Friends, Relations And Explanations

So I've been blogging for four months now and I've had great feedback, but I had one of those light bulb moments during a conversation with my best friend recently.  It turns out that my friends and family still don't know what it is I do!

Now for someone who espouses the importance of being able to communicate in my job, that's a little worrying.  It seems that I have focused on communicating what I do in the world in which I operate during business hours, but not extended that to those in my personal life (excepting of course those friends I have made in the course of my work).

So I decided to put the record straight.  The first step was obviously to find out what they think I do and the results have been very interesting. It turns out that my friends and family think that:

I'm a data geek and therefore sit at a computer wearing glasses—which is of course true some of the time

I speak a "datary" type language—not true. I definitely speak English and go out of my way not to use data type jargon when talking to business people, but having said that I do have to be versatile to talk to the IT guys in a language that they understand.

Go to lots of meetings—I wouldn't describe them all as generic meetings but I do spend a lot of time with people helping them to understand their data and how they can manage it better.

Smile sweetly at people while getting them to do what I want them to do—again whilst I wouldn't use those words precisely I do work hard to influence and persuade people to manage their data properly.

I govern data, which involves telling the data exactly what I want it to do and then treat it harshly if it doesn't do what it's told! This one is definitely not right. Not immediately obvious from the job title, but I actually have very little to do with the data itself. I work with people and the processes they use to make sure that their data is of good quality but there is some truth in the fact that I encourage people to define what makes their data good enough for them to use and then monitor whether it the data is doing as its told.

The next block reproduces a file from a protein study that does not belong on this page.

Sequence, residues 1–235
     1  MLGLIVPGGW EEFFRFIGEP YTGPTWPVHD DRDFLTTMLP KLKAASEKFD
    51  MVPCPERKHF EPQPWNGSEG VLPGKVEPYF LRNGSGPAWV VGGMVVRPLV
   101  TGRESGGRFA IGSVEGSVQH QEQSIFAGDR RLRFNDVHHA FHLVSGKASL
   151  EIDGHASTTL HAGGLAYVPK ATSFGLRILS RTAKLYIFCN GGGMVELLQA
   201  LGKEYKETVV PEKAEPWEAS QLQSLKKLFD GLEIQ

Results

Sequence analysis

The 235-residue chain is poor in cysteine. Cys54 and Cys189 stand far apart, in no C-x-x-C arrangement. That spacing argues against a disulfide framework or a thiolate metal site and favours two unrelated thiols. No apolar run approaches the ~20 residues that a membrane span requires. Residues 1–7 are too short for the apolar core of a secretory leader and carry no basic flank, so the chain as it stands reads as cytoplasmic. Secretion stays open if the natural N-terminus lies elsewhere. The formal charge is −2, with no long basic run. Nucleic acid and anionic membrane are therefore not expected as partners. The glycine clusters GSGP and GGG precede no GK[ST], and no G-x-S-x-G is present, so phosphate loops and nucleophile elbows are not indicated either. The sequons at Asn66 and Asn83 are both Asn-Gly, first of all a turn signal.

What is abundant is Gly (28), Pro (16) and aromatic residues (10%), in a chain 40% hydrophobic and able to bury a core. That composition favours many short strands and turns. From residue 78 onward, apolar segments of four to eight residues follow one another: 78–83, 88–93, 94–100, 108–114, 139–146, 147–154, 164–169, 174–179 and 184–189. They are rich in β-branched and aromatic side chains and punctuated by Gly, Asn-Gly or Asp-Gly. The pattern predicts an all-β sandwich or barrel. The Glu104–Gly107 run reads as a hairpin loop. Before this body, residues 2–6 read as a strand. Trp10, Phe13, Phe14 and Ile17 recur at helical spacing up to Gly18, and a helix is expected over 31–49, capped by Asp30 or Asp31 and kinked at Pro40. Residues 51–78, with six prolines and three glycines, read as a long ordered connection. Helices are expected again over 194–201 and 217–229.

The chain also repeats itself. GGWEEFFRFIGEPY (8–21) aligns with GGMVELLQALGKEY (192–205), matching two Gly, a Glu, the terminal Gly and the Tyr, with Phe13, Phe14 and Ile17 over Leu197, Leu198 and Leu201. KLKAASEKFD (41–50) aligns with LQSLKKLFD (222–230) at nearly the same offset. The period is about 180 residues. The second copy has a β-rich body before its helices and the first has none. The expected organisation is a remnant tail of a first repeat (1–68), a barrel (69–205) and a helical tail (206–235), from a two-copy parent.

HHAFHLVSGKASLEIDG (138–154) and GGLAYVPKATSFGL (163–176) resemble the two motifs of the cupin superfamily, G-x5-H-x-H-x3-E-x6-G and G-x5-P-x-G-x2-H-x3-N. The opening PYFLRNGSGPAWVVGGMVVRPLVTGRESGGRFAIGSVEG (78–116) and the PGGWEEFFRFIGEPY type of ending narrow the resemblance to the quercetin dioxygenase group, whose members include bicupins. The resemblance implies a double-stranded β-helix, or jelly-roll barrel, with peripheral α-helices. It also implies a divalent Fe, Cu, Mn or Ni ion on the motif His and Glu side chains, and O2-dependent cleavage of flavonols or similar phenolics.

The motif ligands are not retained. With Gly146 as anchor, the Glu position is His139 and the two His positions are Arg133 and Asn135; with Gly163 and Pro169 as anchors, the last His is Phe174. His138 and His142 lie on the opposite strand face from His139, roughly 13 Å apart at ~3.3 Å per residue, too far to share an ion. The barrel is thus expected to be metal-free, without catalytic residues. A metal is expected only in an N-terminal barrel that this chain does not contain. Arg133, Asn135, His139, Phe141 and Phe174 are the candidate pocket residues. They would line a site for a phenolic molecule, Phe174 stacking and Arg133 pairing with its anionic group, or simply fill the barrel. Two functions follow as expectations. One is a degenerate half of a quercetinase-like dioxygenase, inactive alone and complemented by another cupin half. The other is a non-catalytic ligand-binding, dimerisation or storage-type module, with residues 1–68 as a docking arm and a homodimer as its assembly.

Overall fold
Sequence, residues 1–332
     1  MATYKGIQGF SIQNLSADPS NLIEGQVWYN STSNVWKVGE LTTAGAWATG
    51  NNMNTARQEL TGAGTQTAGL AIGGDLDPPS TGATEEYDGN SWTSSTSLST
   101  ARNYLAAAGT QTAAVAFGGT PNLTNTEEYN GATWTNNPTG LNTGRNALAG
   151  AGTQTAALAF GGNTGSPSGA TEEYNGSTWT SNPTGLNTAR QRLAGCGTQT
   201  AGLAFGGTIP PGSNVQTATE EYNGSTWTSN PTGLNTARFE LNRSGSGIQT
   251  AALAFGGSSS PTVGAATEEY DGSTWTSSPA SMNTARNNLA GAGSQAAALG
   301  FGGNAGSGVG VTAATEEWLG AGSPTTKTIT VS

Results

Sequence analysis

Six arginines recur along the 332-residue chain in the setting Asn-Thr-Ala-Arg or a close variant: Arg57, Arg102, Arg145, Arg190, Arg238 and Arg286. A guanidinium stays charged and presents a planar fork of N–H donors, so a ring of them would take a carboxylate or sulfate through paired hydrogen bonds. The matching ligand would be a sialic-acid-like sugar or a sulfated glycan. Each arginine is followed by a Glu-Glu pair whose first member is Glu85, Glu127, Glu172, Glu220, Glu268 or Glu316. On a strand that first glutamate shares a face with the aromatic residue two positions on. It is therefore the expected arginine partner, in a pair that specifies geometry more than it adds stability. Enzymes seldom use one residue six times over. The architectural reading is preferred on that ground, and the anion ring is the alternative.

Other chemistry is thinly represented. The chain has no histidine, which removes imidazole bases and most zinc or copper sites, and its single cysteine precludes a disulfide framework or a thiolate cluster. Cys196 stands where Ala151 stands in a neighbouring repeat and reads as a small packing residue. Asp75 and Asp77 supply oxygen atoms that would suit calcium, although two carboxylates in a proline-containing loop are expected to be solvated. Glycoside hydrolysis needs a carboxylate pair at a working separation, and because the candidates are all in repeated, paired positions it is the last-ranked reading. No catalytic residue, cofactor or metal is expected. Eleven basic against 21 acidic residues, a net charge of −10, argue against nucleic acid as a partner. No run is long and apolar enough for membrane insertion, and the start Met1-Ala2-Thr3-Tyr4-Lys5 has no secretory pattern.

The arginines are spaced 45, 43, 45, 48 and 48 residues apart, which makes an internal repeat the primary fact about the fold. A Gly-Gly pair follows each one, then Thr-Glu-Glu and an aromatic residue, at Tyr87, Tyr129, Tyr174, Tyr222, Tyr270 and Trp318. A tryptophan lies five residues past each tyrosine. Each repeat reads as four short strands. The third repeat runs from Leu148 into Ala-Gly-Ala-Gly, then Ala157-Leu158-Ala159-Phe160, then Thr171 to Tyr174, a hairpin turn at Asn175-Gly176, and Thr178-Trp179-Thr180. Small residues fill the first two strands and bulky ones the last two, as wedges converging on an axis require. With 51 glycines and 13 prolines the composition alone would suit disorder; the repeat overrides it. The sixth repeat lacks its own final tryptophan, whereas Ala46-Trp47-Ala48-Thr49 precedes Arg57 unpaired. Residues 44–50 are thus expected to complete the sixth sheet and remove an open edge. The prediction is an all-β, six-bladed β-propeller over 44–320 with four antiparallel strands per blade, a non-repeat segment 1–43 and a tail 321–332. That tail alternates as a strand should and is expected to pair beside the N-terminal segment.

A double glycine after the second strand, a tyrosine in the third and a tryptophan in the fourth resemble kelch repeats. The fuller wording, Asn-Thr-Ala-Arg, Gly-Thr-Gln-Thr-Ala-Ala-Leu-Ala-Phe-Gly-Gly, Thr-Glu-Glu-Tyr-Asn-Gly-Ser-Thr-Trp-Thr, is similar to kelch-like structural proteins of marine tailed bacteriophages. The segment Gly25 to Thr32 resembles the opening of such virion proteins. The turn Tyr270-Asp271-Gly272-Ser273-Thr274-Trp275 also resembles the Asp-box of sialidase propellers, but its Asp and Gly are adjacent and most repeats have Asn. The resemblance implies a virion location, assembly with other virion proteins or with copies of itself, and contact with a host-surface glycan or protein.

I put in place systems to manage data better—similar to above, it’s definitely about managing data better, but my focus is much more on the people and the processes they follow than the systems.

So how do I describe what I do? Well I help organisations manage their data better and part of that involves getting individuals to sign up to be responsible for sets of data. You know how sometimes simple problems never get fixed because it's not anyone's responsibility to fix it? Well it's exactly the same with data.

Peter Aiken, President of DAMA International, summed up the situation wonderfully at the recent Data Governance Conference in London. Most people think that data is like the air - it's just there and is good enough for what we want to use it for. So in any organisation most people (if not all) need data in order to do their job. They expect that it will be there and it will be fit for purpose, but it’s no one’s particular problem to worry if the data is good enough to control stock levels properly or service customers properly etc. I help fix that by helping an organisation identify who owns sets of data and helping them put in place processes to help them proactively manage their data and improve the quality of it.

So it appears that whilst terminology may differ, on the whole my friends and family understand what I do better than they had realised and for the record, my best friend thinks “you do something to do with data and I think you tell people how to input and look after it and make someone responsible for it”. Not a bad summary at all, in one simple sentence – if only it was that easy to do…!!


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